I love movies. I love writing about them. Hope you like reading what I write.
Time to do something a little different. Let’s review a TV show.
Bojack Horseman is a Netflix Original Animated Comedy starring Will Arnett as an anthropomorphic horse called Bojack Horseman. Bojack was a famous TV actor back in the 1990s with a cheesy family sitcom called Horsin’ Around. We find him 20 years later, depressed and struggling to find meaning in his life, long after his name has faded into obscurity.
This first season focusses on Bojack Horseman’s attempt to regain stardom by authoring a memoir, penned by a ghostwriter, a human called Diane.
Upon watching the first few episodes, one would be forgiven for thinking this was one of a parade of Family Guy clones. While a lot of the humour is smart, the tone feels very light and “random”. It just seems to be a good satire of Hollywood life. This would have been enough to satiate my interests as a film buff, but something happens as the season progresses.
We are drip-fed a terrifyingly deep and dark portrayal of depression and existential crises. By the time we get to the final few episodes of the first run, we get fewer and fewer actual punchlines to jokes. We get dealt harsh realities that one would not expect to be in a story about a talking horse.
Bojack is a complete jerk and worse, but throughout these 12 episodes, we begin to learn who he is. A flawed human being who just happens to be a horse.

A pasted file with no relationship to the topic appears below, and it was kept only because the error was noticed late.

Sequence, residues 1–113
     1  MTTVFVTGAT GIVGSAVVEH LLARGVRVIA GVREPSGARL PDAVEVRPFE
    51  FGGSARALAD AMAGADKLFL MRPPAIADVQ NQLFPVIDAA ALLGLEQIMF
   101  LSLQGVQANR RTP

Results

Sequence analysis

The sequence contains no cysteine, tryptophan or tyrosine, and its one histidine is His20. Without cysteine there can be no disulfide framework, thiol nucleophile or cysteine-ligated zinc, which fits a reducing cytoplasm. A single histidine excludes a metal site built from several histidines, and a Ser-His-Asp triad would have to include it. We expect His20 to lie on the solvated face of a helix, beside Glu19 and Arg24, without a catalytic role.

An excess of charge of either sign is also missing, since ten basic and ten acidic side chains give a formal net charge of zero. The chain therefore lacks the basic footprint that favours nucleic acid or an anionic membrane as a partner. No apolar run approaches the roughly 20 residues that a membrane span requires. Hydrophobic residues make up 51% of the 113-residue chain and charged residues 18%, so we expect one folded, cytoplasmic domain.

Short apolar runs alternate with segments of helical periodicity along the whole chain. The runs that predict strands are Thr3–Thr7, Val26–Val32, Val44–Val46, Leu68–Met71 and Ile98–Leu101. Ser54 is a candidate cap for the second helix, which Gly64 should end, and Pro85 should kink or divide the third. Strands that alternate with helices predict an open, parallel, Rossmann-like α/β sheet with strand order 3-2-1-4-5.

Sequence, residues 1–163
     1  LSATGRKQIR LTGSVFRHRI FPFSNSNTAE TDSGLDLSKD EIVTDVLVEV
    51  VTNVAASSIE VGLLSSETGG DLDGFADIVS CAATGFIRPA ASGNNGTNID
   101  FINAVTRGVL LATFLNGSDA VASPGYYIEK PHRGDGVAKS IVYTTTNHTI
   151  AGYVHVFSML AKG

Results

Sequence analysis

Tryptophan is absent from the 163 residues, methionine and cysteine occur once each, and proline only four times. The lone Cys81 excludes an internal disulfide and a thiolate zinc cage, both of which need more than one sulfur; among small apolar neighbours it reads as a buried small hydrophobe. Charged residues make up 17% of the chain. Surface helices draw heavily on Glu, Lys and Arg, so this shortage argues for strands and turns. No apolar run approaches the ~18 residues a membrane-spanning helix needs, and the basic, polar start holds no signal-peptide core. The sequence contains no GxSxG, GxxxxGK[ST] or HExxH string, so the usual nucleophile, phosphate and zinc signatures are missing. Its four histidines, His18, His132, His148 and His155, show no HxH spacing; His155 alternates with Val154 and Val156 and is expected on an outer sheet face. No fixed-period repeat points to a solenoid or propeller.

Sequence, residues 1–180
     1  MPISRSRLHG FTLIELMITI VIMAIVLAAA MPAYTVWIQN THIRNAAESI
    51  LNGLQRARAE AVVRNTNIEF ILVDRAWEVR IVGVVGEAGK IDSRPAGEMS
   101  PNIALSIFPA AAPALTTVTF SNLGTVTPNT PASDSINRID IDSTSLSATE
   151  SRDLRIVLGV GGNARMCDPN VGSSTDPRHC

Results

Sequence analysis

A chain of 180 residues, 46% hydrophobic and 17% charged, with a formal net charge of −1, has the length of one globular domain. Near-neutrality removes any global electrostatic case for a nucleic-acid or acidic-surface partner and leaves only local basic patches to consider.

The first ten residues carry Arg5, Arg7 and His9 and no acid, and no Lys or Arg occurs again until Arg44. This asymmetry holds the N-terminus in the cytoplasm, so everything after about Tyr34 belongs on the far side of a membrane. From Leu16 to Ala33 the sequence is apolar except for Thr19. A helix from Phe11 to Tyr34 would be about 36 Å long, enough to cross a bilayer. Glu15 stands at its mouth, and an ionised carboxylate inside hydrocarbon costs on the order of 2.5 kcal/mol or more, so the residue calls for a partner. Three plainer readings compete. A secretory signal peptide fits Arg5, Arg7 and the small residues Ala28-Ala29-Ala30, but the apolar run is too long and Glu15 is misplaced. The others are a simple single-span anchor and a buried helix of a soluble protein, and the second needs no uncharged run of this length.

The supporting characters include Todd, a 20-something simple man who sleeps on Bojack’s couch, Princess Carolyn, a cat who is Bojack’s former girlfriend/current agent and Mr Peanutbutter, Diane’s boyfriend. These are some of the most perfectly balanced supporting players in a TV show I have ever seen. We love every one of them and feel for them and laugh at them.
In the following seasons, these characters become more developed. We go into themes ranging from sexuality to relationships, from loneliness to family. What’s amazing is that, while one can see these themes play out, they are never done in a way where you can point at an episode and say “This is the Family Episode”. It is an organic component of the show itself.
I have many friends who attest that Rick & Morty is the greatest show on television. I absolutely love Rick & Morty, it is some of the greatest science-fiction I have ever seen and a great absurdist comedy.
Bojack Horseman, though, is for my money, the greatest show on television. It may not be quite as funny as R&M and does not contain the plot complexities of that show, the intimate picture that Bojack gives of internal struggles while also balancing it with absurd humour is breathtaking. We don’t just get “Oh the world is a harsh place” as a theme, we get something more nuanced. BH doesn’t mock the more heartfelt sides of humanity, it strives for them.
Please check Bojack Horseman out on Netflix. I’m sure you’ll find something you did not expect.